Friday, April 25, 2014
Daisies (1966 film)
Directed by Vera Chytilova and screenplay by Chytilova, Pavel Juracek, and Ester Krumbachova from a story by Chytilova, Sedmikrasky (Daisies) is the story of two young ladies who share the same name as they embark on a series of misadventures through pranks in their belief that nothing in the world should be taken seriously. Considered to be one of the key films of the Czech New Wave of the 1960s, the film is a look into the life of two young woman who want to rebel against society through means of anarchist antics. Starring Jitka Cerhova, Ivana Karbanova, Jan Klusak, Marie Ceskova, Jirina Myskova, and Julius Albert. Sedmikrasky is an odd yet exhilarating film from Vera Chytilova.
The film is a simple story of two women both named Marie who engage into a series of crazy antics as they let rich men dine for them and all sorts of things. It’s a film that doesn’t have any real sense of plot but rather a continuous journey of the misadventures these two young women embark on. Especially as these two women just want to have fun and enjoy life as they want to be spoiled just like the rich and engage in all sorts of antics, eat the finest food, drink the best wine, and have fun. Throughout the film, the two women talk discuss existential ideas while pondering about their life of anarchy and decadence as it would lead to a crazy climax that would up their sense of misadventure.
Vera Chytilova’s direction is definitely filled with style as it recalls not just silent cinema of the early 20th Century but also the vibrancy of what was happening in Europe in the 1960s. The sense of chaos with some gorgeous compositions and imagery is definitely prevalent throughout the film where it feels loose and offbeat. Even in the antics of the two women becomes more outlandish as it includes moments of them eating food with such gluttony and glee as it would include moments that are just even crazier. Chytilova would shoot the film with such style as it would be shot in different array of formats from black-and-white to color along with some dizzying sequences to play into these young women and their thirst for anarchy. Overall, Chytilova creates a very fascinating and whimsical film about two young ladies creating chaos to deal with their bored lives.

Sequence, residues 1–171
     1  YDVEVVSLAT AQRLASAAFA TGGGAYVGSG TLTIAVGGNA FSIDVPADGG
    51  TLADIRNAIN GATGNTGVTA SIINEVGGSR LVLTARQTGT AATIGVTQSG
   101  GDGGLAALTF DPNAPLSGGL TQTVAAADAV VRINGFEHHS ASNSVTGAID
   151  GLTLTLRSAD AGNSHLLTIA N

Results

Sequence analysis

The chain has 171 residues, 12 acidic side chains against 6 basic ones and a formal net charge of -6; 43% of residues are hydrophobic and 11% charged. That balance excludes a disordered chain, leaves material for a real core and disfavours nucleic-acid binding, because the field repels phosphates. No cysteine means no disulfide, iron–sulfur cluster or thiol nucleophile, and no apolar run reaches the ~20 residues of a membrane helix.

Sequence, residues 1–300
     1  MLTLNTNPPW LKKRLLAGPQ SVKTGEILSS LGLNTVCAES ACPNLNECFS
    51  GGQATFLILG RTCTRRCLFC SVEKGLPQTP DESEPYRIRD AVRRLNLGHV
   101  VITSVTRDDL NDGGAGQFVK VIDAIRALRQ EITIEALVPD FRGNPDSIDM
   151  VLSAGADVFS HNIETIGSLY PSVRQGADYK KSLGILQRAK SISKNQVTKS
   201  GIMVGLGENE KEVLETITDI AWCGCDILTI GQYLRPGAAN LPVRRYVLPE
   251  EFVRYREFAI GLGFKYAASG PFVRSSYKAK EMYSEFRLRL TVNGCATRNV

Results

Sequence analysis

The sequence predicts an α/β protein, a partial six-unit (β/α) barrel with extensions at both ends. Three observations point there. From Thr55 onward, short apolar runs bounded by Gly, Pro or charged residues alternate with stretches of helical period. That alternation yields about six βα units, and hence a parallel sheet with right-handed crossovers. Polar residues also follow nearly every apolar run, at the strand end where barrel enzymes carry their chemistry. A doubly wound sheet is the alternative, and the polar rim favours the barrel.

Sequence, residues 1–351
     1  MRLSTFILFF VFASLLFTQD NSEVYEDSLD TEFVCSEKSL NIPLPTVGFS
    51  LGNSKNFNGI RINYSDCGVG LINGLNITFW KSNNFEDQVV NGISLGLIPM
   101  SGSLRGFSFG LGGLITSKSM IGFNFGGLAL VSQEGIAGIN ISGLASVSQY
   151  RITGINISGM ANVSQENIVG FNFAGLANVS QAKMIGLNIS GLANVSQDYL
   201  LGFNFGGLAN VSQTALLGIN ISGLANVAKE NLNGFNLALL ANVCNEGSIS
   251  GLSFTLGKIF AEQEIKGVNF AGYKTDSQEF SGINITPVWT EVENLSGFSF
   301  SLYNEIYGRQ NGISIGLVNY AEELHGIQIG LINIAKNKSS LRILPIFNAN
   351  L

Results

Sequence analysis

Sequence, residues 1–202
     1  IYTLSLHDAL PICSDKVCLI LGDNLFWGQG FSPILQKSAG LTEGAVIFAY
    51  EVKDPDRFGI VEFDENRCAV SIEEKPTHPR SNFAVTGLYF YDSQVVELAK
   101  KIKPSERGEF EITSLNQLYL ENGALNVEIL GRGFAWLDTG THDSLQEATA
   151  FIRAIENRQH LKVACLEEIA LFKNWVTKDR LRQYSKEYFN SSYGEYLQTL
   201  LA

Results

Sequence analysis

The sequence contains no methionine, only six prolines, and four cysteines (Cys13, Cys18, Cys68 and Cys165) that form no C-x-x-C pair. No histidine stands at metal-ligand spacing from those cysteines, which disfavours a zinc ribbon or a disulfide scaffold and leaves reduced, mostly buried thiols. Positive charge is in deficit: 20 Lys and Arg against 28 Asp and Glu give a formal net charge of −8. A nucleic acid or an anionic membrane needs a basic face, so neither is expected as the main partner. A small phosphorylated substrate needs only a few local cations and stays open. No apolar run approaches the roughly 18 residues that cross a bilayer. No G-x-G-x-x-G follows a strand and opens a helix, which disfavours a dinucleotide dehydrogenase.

Cinematographer Jaroslav Kucera does brilliant work with the film‘s cinematography from the different filters and colors schemes he creates for some of the scenes as well as the imagery as much of it is beautiful and lively. Editor Miroslav Hajek does fantastic work with the editing as it is very stylized with some dizzying montages and jump-cuts to play into the film‘s humor and sense of anarchy. Production designer Karel Lier and set decorator Frantisek Straka do amazing work with the set pieces from the apartment the girls live in with its own sense of quirks to some of the places they go to such as the posh restaurant and the banquet in the film’s climax.
Costume designer Ester Krumbachova does nice work with the costumes as it has a sense of style as it plays to the whimsical nature of the girls. The sound work of Ladislav Hausdorf is excellent for the array of sound effects created as well as the layers of chaotic sound . The film’s music by Jiri Sust and Jiri Slitr is superb for its mixture of jazz, rock, pop, and classical to play into the sense of chaos and decadence that is prevalent throughout the film.
The film’s cast includes some notable small roles from Marie Ceskova and Jirina Myskova as a couple of women the girls meet in the bathroom along with Jan Klusak and Julius Albert as the two different men the girls woo. Finally, there’s Jitka Cerhova and Ivana Karbanova in spectacular performances as the two Maries as they’re just two women who want to have fun and live a life of absolute freedom and be spoiled by men and all sorts of stuff as they are the heart and soul of the film.
Sedmikrasky is a phenomenal film from Vera Chytilova. It’s a film that is just extremely out there with its offbeat humor and sense of decadence as it features two remarkable performances from Jitka Cerhova and Ivana Karbanova. For anyone interested in the films of the Czech New Wave, this film is definitely the best place to start. In the end, Sedmikrasky is a wondrous and intoxicating film from Vera Chytilova.
© thevoid99 2014